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Activities H&M sells clothes and cosmetics in about 950 stores in 19 countries. Production offices also deal with sample garments and other checking and testing. quick is not always the best – while trendier garments require very short lead times. Within each season. the company is able. The company’s clothing collections are created in Sweden by around 100 internal designers. The buying function focuses on customers. The production function consists of 21 production offices. on average. 50 pattern designers and around 100 buyers. The decision of which supplier is the right one. is not only a matter of cost-efficiency but also depends on other factors such as transport times. H&M operates with two main collections per year. The aim of the company is to find the optimal time (and supplier) to order each item. In technical terms. H&M’s method of production is customer-driven. many fashion basics or children’s wear may be ordered well in advance. ensuring that: • • • buyers’ orders are placed with the right supplier. one in spring and one in autumn.1 Million Euro) in 2003. In this context. Buying and production H&M does not have any factories of its own. 2 . which is a major factor in reducing lead times. relying on a network of external suppliers managed through two departments: Buying and Production. import quotas and quality aspects. The production offices have a mediating function between the internal buying department and external suppliers. For goods which are selling well. there are a number of sub-collections so that customers can always find new goods in stores. The group has more than 40. To minimise risk.IT platform.000 employees and the turnover was SEK 56. The company puts a lot effort into research and prediction of emerging trends. however. Central functions are based in Sweden. H&M has reduced the average lead time by 15-20% through developments in the buying process.550 million (6. Flexibility and short lead times diminish the risk of buying the wrong items and allow stores to restock quickly with the best selling products. In recent years. This activity is carried out by central staff and by national offices which are responsible for detecting new trends. both through traditional research means and innovative ones such as street trends. buying is carried out on an ongoing basis throughout the year. This allows the company both to react quickly whenever new trends are identified and to avoid procurement of goods which are not appreciated by the market. H&M also relies on efficient and integrated systems for inventory management which have been able to reduce lead times while ensuring adequate stock management. H&M purchases garments from around 750 suppliers: 60% of production takes place in Asia and the remainder mainly in Europe. fashion and composition of the range. but there is a national office in most of the sales countries. to get supplementary orders in a few weeks. the goods are produced at the right price and quality the suppliers conform to the company’s code of conduct as for working conditions.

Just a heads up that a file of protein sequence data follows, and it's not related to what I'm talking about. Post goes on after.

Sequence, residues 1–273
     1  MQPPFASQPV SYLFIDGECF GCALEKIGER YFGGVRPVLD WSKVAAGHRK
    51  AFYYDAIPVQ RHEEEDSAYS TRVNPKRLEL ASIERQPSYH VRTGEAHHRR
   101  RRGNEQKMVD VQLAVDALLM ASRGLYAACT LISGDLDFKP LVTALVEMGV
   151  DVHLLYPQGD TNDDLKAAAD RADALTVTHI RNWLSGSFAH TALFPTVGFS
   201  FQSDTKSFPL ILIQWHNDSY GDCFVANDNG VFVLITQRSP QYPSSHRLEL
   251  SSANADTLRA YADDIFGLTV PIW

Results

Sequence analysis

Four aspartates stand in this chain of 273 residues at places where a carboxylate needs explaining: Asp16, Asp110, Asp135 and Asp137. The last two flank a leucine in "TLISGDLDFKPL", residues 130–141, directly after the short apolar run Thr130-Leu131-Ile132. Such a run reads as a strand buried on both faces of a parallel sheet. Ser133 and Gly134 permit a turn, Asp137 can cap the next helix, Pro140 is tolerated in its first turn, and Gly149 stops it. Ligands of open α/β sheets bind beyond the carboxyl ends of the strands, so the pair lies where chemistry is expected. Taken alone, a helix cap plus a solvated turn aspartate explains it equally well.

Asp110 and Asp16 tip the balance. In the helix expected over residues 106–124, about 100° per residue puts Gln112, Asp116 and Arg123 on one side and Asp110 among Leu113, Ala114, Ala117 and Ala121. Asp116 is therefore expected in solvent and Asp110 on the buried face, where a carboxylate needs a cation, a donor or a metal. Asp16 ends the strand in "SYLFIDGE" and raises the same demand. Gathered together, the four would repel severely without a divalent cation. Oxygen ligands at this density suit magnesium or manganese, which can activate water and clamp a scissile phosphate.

it is possible to follow sales of individual items. Lessons learned Reasons behind the success of H&M are: • • • organisation of production and integration of the supply chain. c/o empirica GmbH. referred to as “Call off warehouse” The role of the warehouse is to replenish item levels in stores according to selling trends. H&M has been selling by mail order. Individual stores are connected with the logistics and procurement departments and the central warehouse. In Nordic countries. Germany info@ebusiness-watch. including design and product development. Upon arrival. goods are inspected and allocated either in a store or in the centralised stock room. Communication between departments takes place electronically.eu. acting as importer and wholesaler. 53111 Bonn. entr-ict-e-commerce@cec. IT IT is a crucial tool along the entire value chain. thus feeding an intelligent procuring system. as well as a retailer. vertical integration with the distribution network allowing direct control of market and customers. Continuous IT development provides support to H&M logistics. Distribution Proprietary stores (948 in June 2004) are the main distribution channel. From central departments. In every country there is a distribution centre. H&M began its “shopping online” service which has since been continuously improved. The company relies on IT integration between the central office and the production offices. Enterprise & Industry Directorate General. to be the main distribution channel. Oxfordstr.com Contact • • e-Business W@tch.hm.org European Commission. Sources and references • • Articles and Annual Reports from H&M Company’s website: www. 2. Stores continue. A large part of the flow of goods is routed from production sites via a transit terminal in Germany. While the stock management is primarily handled within the H&M organisation.Logistics Every stage in the logistic chain is controlled by H&M. continuous and efficient collection of information on demand which allows costefficiency and shortening of lead times. however. transport is contracted to third parties. In 1998.int 3 . The strategy behind the owning of a proprietary network is that H&M can maintain control of the expansion strategy and of business locations.